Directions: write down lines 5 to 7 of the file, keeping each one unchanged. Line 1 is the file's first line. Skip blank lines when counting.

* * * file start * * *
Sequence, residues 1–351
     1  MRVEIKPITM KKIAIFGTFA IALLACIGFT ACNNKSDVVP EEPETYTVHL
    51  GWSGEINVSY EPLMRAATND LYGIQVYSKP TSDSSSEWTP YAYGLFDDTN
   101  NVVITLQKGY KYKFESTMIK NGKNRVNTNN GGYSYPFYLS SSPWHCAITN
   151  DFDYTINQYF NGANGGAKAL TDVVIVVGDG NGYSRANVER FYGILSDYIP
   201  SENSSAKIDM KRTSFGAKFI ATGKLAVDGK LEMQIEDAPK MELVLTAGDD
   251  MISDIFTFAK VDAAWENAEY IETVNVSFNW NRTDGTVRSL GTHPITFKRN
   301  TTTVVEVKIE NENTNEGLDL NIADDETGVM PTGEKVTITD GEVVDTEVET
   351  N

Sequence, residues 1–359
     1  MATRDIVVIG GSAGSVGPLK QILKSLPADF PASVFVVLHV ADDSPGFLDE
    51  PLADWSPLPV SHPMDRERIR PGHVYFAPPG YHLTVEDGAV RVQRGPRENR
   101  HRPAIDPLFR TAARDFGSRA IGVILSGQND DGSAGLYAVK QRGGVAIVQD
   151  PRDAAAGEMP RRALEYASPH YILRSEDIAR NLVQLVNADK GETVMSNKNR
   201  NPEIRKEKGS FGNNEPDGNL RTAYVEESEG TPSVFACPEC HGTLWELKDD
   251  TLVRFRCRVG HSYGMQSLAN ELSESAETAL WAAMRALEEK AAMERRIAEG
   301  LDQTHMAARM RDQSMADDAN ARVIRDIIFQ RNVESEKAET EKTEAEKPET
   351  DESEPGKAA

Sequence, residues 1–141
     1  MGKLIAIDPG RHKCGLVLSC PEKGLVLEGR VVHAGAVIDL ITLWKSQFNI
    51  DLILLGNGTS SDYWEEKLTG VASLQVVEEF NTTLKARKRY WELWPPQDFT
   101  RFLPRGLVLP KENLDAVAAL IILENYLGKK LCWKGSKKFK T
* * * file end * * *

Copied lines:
   151  DFDYTINQYF NGANGGAKAL TDVVIVVGDG NGYSRANVER FYGILSDYIP
   201  SENSSAKIDM KRTSFGAKFI ATGKLAVDGK LEMQIEDAPK MELVLTAGDD
   251  MISDIFTFAK VDAAWENAEY IETVNVSFNW NRTDGTVRSL GTHPITFKRN